High school students dive into AF research before starting college

Wright Scholars pose on the tail of a C-17 at Wright-Patterson Air Force Base. The Wright Scholar Program at Wright-Patterson provides opportunities for high schoolers to explore and learn more about engineering, pre-medical sciences and other science, technology, engineering and math disciplines. (Courtesy photo)
Caption
Wright Scholars pose on the tail of a C-17 at Wright-Patterson Air Force Base. The Wright Scholar Program at Wright-Patterson provides opportunities for high schoolers to explore and learn more about engineering, pre-medical sciences and other science, technology, engineering and math disciplines. (Courtesy photo)

The Wright Scholar Program at Wright-Patterson Air Force Base is one of the most unique opportunities for high schoolers to explore and learn more about engineering, pre-medical sciences and other science, technology, engineering and math (STEM) disciplines. Just to put in perspective how significant this program is, think about what it takes to become a researcher working at Wright-Patt. It takes years of education – undergraduate, graduate and often doctorate-level education.

Explorehttps://www.daytondailynews.com/news/usafsam-instructors-bring-hands-experience-classroom/TzXb0o3IvxYlREKZHWTnRN/

The Wright Scholar Program allows top high school students to dive into the research before starting their college education. Students selected for this program are each assigned a mentor, an established Air Force Research Laboratory scientist/engineer, who then guides the student through his or her research project.

The Wright Scholar Program stands out from other internships and summer programs because it involves research for the Air Force. This means that instead of being limited to one field such as biology, scholars have access to a vast range of research fields. There aren’t many places where researchers are studying how to use graphene to detect biomarkers and designing next-generation fighter jets just down the street from one another.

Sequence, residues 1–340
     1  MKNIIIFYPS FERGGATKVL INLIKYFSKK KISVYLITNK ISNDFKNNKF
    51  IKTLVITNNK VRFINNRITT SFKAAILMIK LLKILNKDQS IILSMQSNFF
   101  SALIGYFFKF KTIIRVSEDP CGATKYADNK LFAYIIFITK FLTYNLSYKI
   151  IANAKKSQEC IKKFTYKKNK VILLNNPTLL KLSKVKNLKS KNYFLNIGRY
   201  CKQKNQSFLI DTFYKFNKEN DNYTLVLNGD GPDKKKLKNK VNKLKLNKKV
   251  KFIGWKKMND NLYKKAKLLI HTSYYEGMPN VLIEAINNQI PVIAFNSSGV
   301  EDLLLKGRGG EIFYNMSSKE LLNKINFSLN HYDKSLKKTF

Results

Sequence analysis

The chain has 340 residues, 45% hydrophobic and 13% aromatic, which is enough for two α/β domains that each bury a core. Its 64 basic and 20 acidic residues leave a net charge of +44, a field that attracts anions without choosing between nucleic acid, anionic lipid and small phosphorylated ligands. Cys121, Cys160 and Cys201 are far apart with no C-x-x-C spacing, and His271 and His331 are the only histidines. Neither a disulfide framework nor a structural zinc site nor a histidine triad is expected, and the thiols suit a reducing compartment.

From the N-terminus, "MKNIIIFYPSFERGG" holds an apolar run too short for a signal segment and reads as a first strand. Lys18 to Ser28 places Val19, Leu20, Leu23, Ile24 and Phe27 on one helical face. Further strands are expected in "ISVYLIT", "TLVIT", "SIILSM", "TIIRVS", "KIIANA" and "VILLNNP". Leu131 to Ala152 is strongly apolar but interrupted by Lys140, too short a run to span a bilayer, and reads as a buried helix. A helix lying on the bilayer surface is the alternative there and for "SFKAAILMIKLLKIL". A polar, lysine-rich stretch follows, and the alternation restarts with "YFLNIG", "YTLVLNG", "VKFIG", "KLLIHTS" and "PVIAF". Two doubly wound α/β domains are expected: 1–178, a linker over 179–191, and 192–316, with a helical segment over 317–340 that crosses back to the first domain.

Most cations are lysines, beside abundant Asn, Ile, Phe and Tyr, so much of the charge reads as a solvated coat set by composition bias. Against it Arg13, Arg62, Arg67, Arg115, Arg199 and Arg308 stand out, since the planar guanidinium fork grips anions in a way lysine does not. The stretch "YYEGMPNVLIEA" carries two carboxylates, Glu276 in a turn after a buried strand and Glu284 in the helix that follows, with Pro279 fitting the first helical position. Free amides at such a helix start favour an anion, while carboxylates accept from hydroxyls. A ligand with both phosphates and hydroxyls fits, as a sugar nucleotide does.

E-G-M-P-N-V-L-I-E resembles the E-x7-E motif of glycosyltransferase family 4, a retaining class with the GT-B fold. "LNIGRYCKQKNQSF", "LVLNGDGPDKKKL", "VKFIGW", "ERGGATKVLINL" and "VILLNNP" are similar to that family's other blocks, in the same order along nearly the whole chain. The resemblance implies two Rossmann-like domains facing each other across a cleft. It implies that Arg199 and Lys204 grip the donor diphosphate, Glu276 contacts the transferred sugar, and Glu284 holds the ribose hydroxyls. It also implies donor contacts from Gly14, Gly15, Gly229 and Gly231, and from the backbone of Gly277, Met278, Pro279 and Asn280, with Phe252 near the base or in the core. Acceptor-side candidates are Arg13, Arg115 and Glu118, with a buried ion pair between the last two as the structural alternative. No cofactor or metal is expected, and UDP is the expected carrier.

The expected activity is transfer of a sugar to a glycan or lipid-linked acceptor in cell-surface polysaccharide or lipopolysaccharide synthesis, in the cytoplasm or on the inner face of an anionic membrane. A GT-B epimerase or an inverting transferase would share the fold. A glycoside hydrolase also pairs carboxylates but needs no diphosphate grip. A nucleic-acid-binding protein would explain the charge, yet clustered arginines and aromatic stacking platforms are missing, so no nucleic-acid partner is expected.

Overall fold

Student participants range from those who are familiar with research to those who have never stepped foot inside a lab, but this diversity of participants only adds to the distinction of the Wright Scholar program.

The most popular individual events Wright Scholars participated in during the course of the summer included the interactive workshop at Ohio State University’s Department of Electrical and Computer Engineering and a tour of the U.S. Air Force Center for Sustainment of Trauma and Readiness Skills at University Hospital Cincinnati.

At OSU, Wright Scholars were given the chance to build rudimentary speaker circuits and induction circuits. It was captivating to see students with different levels of familiarity regarding electrical engineering, work side-by-side to participate in this workshop, while laughing, learning and helping one another.

Different from the electrical engineering workshop, the C-STARS tour at University Hospital Cincinnati was a highly anticipated event for Wright Scholars interested in biomedical and pre-medical careers, as well as a riveting experience for their peers interested in other STEM disciplines. This tour gave Wright Scholars a chance to see how medical research and military protocol are interwoven in the real world in the form of a unique training unit that can be utilized by a range of medical professions to enhance their abilities to treat patients in combat zones and Air Force medical facilities.

Wright Scholars were also provided an opportunity to converse with military and civilian trauma surgeons during lunch, giving them a chance to talk face-to-face with healthcare professionals.

The C-STARS tour and OSU workshop were just two of the many distinct events Wright Scholars could participate in, and their stark differences only exemplify the diverse number of activities offered for a diverse group of young students.

What is the Wright Scholar Research Assistant Program really all about? It involves working in AFRL on an individual research project under the guidance of a specialized mentor. Wright Scholars are rarely treated as just students but rather as contributing researchers with their own responsibilities and obligations.

Scholars are introduced to a unique topic of interest at the beginning of the summer and, for nine weeks, learn about and implement various research procedures, gather data, make observations and become proficient in their areas of study.

Hands-on participation and extensive mentorship allow scholars to not only learn about new areas of study, but also to make an impact by providing a helpful hand in legitimate research.

When asked what a professional working experience was like, Bellbrook High School student Rachel Kahler responded, “Overall, the experience was very humbling to be working directly with people who had masters and doctorates, and I learned to interact with those professionals, which I’m sure will benefit me later on in life.”